GREELEY, Colo. — Greeley saw the early brunt of the torrential downpours expected to hit parts of the Front Range on Thursday afternoon, with the Weld County city getting 3-4 inches of rain over the period of an hour, officials said.
The National Weather Service in Boulder had issued a flash flood warning for Greeley until 3:30 p.m. The strong storm was the result of a rain-cooled outflow boundary generated from strong convection, according to the weather service.
Heads up Greeley! Radar and rain gauge observations show up to 3-4" of rain in the last hour! We're starting to see reports of street flooding and stalled vehicles. If you come across flooded roadways, Turn Around, Don't Drown! #cowx pic.twitter.com/JGf7xrCvlt— NWS Boulder (@NWSBoulder) July 1, 2021
Video from Anne Giles Delaney of the Greeley Tribune showed flooding in the streets and water rushing over the end of the street.
Flash flood warning in effect in Greeley this afternoon and we had heavy rain and a lot of water on 11th Avenue and at the intersection with 13th Street. #cowx #coloradoweather @NWSBoulder pic.twitter.com/s0pygZyKRc— Anne Giles Delaney (@AnneGDelaney) July 1, 2021
There were no known rescues underway in Greeley as of 2:30 p.m. Thursday, though police warned drivers to stay out of flooded areas.
The Greeley Police Department said there was "significant flash flooding" between 11th and 8th Streets and from 14th Avenue east, all the way into downtown. They asked people to avoid those areas and take alternate routes.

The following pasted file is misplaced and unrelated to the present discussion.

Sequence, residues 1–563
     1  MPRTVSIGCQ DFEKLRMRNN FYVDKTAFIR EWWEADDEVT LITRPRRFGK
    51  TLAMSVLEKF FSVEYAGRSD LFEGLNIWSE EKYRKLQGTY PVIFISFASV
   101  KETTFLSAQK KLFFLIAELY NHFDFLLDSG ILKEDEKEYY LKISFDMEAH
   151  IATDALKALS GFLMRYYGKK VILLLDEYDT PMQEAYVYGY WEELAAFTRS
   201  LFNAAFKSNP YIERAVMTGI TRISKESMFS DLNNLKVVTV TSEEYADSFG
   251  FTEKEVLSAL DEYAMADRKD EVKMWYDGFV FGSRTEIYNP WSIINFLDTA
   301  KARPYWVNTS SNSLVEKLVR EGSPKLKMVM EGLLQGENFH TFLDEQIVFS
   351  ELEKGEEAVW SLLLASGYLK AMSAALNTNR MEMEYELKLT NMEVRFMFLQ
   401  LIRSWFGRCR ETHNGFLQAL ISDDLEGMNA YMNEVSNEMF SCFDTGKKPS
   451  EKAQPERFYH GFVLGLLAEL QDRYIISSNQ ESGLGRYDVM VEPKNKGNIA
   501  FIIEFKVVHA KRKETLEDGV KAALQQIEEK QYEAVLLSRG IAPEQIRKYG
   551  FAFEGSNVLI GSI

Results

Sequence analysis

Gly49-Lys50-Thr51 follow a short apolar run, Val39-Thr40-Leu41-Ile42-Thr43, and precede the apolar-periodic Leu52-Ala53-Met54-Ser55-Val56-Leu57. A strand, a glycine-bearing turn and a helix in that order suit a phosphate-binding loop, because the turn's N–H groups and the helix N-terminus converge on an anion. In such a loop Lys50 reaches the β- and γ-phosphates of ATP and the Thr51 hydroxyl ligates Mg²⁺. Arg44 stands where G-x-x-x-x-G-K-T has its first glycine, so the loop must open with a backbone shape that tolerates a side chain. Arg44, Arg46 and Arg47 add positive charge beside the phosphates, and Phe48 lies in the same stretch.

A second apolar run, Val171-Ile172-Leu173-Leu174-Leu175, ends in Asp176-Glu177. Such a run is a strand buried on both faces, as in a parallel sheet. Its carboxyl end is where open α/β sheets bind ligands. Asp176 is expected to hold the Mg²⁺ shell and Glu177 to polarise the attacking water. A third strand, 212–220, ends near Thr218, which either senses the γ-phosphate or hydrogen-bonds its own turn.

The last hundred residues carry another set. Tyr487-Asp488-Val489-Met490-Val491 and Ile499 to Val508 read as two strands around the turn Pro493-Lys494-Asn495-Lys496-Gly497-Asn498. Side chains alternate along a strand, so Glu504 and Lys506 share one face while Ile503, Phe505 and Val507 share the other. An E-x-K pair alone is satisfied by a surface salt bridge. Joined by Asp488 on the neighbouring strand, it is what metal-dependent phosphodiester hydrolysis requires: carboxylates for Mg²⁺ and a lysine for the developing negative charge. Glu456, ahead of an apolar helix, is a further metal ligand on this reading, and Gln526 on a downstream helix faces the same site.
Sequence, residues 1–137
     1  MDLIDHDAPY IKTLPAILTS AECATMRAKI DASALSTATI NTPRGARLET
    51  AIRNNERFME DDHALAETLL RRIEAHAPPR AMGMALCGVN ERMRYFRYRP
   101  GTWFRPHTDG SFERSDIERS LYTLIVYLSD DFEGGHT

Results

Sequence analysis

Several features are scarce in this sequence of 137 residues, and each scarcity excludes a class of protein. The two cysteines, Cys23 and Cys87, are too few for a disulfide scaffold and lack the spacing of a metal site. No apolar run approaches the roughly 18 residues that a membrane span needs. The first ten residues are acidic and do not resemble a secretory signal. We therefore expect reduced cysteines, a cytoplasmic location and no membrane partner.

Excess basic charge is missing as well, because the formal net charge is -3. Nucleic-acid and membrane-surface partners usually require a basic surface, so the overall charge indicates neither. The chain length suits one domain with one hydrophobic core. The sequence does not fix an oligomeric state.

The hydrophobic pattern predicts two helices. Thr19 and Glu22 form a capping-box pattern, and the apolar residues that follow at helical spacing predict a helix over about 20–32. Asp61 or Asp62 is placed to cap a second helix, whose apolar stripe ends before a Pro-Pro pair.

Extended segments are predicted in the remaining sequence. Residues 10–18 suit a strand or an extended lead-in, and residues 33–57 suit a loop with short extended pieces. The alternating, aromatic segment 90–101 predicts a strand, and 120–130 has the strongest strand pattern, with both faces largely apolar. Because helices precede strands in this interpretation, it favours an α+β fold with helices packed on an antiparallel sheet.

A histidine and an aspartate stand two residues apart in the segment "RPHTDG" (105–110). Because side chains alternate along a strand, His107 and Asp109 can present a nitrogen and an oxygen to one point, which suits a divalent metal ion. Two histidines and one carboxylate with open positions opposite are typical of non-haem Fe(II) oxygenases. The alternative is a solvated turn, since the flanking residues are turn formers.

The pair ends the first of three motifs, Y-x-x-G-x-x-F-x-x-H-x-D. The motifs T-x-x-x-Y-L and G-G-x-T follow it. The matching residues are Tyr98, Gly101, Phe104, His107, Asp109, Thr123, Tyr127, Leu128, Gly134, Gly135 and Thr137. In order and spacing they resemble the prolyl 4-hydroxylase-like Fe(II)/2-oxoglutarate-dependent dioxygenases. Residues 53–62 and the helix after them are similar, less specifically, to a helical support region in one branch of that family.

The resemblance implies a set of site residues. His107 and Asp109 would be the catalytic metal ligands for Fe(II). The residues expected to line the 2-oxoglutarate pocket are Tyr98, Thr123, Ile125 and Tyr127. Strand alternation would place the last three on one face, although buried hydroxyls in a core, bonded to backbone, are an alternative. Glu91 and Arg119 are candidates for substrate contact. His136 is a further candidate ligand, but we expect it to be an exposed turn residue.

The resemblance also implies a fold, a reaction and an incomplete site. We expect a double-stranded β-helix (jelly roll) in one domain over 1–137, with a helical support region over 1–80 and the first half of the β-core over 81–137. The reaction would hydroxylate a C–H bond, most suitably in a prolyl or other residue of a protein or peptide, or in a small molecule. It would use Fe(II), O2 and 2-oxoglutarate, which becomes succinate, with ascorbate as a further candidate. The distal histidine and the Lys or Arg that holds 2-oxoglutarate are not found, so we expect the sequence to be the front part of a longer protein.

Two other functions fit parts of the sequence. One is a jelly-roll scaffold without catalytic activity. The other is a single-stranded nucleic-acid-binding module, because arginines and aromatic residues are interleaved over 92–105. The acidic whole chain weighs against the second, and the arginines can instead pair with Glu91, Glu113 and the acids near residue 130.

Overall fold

The following roads are closed due to flooding:— City of Greeley, CO (@greeleygov) July 1, 2021
🚧 10th St. from 11th Ave. to 12th Ave.
🚧 11th Ave. from 9th St. to 11th St.
Police told Denver7 Thursday afternoon that as of 4:15 p.m., they had 16 calls related directly to weather, with either flooding inside a building or people stuck in their vehicles being the reason for the call. The spokesperson added they did have "a number of people" stuck in their cars officers had to rescue, but the spokesperson did not provide any more information on a specific number.
There have been no injuries reported thus far, the police spokesperson said.
Much of the Front Range was under a flooding threat Thursday, especially in the mountain areas of Larimer County where burn scars from last year's massive wildfires can lead to heavy flooding.
A Flash Flood Watch, which means the conditions are favorable for flooding, extended to the Wyoming border to south of Colorado Springs and includes the foothills, Front Range and South Park until midnight due to slow-moving thunderstorms and heavy rain, according to the National Weather Service out of Boulder.
A watch is also in place until 6 p.m. for Interstate 70 through Glenwood Canyon for the Grizzly Creek Fire burn scar — an area that has already seen multiple mudslides in the past week. A full closure of the interstate is possible.